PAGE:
According to the WVU Reed College of Media, emerging media covers many platforms and technologies including social, digital, and mobile media. In my day-to-day work in public relations and social media management, I investigate new social media platforms and technology that would be best suited to reaching our target market of current and prospective students and Alumni. Here are some of the social media platforms I work with and my experience with each.
Facebook: My business Facebook account is WVU Reed College of Media. Our target audiences include Alumni, parents, and prospective and current students. The content consists of special events, contests, blogs, videos, and faculty & student spotlights. Personally, I enjoy Facebook because it allows for a lot more information than other “micro-blogging” platforms. For the College, we have plenty of space to write a post, include an external link and include pictures without appearing cluttered. The downside of Facebook would be the slower pace and interactivity. When looking for a reaction or interaction with Facebook followers it often takes longer than it would on Twitter, Instagram or Snapchat. This may be in part because of the “news” style layout of Facebook’s newsfeed and the older demographic. Here’s an infographic from the Pew Research Center about Facebook demographics:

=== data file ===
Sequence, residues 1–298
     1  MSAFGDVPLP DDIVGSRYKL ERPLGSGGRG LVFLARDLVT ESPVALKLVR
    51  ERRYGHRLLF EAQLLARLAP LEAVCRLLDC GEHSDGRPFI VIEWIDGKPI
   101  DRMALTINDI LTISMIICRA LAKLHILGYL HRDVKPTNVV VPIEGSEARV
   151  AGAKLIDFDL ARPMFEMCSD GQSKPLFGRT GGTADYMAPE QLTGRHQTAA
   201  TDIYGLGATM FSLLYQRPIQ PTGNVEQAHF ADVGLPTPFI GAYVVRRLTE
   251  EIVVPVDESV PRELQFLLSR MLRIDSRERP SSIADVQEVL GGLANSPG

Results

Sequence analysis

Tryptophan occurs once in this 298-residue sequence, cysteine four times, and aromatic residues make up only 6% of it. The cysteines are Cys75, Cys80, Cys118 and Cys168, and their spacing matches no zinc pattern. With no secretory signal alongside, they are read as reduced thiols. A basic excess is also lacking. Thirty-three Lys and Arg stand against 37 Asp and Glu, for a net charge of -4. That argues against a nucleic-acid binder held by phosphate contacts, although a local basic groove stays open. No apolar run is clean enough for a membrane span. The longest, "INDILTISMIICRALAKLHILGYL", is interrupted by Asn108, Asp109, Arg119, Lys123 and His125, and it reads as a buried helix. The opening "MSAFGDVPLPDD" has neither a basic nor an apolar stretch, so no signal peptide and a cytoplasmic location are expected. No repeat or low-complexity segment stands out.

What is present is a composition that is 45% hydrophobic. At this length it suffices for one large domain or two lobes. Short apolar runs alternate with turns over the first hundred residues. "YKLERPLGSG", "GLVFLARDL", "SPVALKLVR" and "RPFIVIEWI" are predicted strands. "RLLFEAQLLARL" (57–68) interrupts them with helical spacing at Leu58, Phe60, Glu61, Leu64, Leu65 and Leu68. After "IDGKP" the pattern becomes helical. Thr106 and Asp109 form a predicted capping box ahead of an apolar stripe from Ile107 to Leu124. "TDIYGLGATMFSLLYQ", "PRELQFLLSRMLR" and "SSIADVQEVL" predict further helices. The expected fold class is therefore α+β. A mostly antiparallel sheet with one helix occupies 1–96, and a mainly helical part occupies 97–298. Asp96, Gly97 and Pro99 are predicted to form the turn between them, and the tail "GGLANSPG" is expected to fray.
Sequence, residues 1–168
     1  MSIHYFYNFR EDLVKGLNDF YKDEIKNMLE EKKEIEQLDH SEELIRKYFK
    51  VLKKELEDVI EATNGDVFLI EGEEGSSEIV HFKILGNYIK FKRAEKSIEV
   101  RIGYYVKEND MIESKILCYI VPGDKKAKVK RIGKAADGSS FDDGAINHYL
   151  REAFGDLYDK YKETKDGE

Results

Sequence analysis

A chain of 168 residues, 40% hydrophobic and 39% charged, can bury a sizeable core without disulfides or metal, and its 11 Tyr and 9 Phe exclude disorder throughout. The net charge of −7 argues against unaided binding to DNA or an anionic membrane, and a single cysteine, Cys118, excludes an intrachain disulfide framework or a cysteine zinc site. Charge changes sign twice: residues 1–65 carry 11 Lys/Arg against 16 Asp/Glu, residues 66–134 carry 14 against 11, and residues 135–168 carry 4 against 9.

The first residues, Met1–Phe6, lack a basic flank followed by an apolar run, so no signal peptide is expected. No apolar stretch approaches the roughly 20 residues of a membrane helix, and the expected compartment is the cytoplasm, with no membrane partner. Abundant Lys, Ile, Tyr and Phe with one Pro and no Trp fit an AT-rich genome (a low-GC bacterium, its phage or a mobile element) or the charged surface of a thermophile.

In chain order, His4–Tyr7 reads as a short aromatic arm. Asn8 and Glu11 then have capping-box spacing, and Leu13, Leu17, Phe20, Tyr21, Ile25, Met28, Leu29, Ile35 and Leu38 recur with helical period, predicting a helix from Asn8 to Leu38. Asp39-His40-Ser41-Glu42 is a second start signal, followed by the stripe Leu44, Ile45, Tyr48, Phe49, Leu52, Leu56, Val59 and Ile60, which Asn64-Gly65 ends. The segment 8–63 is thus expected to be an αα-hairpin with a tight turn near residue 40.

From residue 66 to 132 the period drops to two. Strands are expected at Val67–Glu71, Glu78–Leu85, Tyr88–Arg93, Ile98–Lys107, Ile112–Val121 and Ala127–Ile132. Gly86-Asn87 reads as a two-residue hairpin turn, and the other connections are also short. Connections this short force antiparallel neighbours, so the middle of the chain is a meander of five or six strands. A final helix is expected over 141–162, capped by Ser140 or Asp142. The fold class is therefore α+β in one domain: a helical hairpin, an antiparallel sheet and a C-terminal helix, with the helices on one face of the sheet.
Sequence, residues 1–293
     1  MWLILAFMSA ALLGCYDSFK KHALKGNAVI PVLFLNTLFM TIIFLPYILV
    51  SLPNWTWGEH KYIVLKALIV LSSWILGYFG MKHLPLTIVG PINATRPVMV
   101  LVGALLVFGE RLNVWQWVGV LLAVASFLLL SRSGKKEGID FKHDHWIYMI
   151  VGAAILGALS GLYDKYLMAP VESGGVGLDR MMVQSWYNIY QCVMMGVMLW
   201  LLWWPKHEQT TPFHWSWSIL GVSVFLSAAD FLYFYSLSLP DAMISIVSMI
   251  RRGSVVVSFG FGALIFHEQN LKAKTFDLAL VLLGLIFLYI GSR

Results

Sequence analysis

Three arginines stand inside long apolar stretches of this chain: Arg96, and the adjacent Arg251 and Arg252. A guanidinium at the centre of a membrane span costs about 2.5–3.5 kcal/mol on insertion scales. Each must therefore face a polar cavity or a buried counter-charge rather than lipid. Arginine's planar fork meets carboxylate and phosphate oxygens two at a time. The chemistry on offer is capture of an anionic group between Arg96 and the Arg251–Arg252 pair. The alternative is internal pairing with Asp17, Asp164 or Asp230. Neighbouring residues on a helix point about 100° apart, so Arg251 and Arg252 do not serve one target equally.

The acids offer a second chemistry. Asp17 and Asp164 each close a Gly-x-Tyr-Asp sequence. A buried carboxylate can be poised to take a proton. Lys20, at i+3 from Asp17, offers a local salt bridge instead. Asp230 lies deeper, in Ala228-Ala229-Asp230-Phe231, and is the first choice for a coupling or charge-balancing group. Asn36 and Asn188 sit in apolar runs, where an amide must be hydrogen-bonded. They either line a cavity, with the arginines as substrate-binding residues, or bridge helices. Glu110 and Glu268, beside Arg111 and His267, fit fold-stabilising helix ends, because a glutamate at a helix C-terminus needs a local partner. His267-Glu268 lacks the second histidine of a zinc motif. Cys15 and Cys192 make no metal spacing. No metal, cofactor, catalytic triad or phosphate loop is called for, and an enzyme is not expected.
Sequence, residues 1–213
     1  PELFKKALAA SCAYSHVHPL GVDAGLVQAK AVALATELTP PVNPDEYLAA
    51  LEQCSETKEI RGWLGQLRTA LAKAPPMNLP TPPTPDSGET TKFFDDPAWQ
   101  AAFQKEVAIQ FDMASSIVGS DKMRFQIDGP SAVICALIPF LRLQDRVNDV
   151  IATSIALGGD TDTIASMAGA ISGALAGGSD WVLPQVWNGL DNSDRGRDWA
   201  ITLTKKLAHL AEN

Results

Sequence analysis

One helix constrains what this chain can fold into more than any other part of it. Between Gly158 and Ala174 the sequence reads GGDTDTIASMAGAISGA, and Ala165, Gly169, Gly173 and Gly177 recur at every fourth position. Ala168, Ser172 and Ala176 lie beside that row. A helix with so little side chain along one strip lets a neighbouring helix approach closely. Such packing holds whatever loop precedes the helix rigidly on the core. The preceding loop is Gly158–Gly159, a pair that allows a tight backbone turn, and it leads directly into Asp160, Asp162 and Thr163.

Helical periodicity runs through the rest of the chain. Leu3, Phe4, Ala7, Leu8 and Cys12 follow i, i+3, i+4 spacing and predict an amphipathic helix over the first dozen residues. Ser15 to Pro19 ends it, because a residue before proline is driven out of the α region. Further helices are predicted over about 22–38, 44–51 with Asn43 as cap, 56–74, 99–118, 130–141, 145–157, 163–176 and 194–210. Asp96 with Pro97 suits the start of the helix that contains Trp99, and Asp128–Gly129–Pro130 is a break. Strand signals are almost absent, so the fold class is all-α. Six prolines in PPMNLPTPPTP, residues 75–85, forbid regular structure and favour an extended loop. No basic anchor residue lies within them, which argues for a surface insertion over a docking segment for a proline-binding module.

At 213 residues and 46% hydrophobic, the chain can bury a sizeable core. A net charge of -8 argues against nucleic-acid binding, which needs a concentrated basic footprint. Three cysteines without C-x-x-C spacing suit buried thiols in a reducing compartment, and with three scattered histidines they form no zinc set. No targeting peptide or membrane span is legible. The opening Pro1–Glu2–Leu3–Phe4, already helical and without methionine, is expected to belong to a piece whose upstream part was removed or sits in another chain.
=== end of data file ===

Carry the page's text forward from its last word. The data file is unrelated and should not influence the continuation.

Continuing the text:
Twitter: I love running Twitter for business. It’s fast, interactive, and a great platform for content sharing. Our target audience for Twitter is prospective students, current students and young Alumni. Twitter is my favorite platform because the fast interaction time. When we share content we can get responses back from our target audience in a matter of seconds. Twitter is always plugged in. Another benefit of Twitter is content sharing; we have a lot of content from our staff, University affiliates and students. It’s nice to have such a broad network to share user-generated content. The downside to twitter is constantly being plugged in and monitoring the account. (I have my phone turned on to business Twitter 24/7 and receive notifications for every tweet, re tweet and favorite the page receives.) According to Pew Research Center, here are the Twitter demographics. Overall, the platform seems to skew younger than Facebook and may explain the quicker reaction time.
Instagram: The College of Media Instagram account focuses more on the student experience and what it’s like to be in our College. Our target audience is current and prospective students. In my experience, Instagram has been great for content sharing and connecting with our target audience in a visual, micro-blogging platform. The downside of Instagram is finding artistic and keeping the photos and videos fresh so that they stand out. Here is the Pew Research Center’s demographic information for Instagram.
Emerging media platforms the College of Media is currently investigating include SnapChat, and Vine. (We may have briefly considered Pokemon Go- the new augmented reality game.) Overall, my Emerging Media experience has been social media but I’m open to look into emerging media and augmented and virtual reality.